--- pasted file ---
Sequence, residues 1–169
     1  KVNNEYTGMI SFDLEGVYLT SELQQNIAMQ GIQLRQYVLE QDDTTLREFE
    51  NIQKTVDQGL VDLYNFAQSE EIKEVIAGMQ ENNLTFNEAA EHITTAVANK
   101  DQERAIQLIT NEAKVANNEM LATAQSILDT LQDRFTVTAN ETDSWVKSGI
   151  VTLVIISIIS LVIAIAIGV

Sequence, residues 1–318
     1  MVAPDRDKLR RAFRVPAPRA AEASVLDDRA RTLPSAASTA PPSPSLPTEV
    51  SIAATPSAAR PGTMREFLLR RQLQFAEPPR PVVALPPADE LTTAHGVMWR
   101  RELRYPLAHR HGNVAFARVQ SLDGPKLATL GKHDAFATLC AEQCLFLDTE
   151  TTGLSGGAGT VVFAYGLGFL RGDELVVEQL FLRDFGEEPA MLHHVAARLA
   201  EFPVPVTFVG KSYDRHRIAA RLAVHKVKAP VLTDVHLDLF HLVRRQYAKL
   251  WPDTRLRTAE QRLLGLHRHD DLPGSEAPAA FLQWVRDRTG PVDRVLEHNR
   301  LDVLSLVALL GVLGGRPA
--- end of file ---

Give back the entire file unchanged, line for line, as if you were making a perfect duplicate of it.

Sequence, residues 1–169
     1  KVNNEYTGMI SFDLEGVYLT SELQQNIAMQ GIQLRQYVLE QDDTTLREFE
    51  NIQKTVDQGL VDLYNFAQSE EIKEVIAGMQ ENNLTFNEAA EHITTAVANK
   101  DQERAIQLIT NEAKVANNEM LATAQSILDT LQDRFTVTAN ETDSWVKSGI
   151  VTLVIISIIS LVIAIAIGV

Sequence, residues 1–318
     1  MVAPDRDKLR RAFRVPAPRA AEASVLDDRA RTLPSAASTA PPSPSLPTEV
    51  SIAATPSAAR PGTMREFLLR RQLQFAEPPR PVVALPPADE LTTAHGVMWR
   101  RELRYPLAHR HGNVAFARVQ SLDGPKLATL GKHDAFATLC AEQCLFLDTE
   151  TTGLSGGAGT VVFAYGLGFL RGDELVVEQL FLRDFGEEPA MLHHVAARLA
   201  EFPVPVTFVG KSYDRHRIAA RLAVHKVKAP VLTDVHLDLF HLVRRQYAKL
   251  WPDTRLRTAE QRLLGLHRHD DLPGSEAPAA FLQWVRDRTG PVDRVLEHNR
   301  LDVLSLVALL GVLGGRPA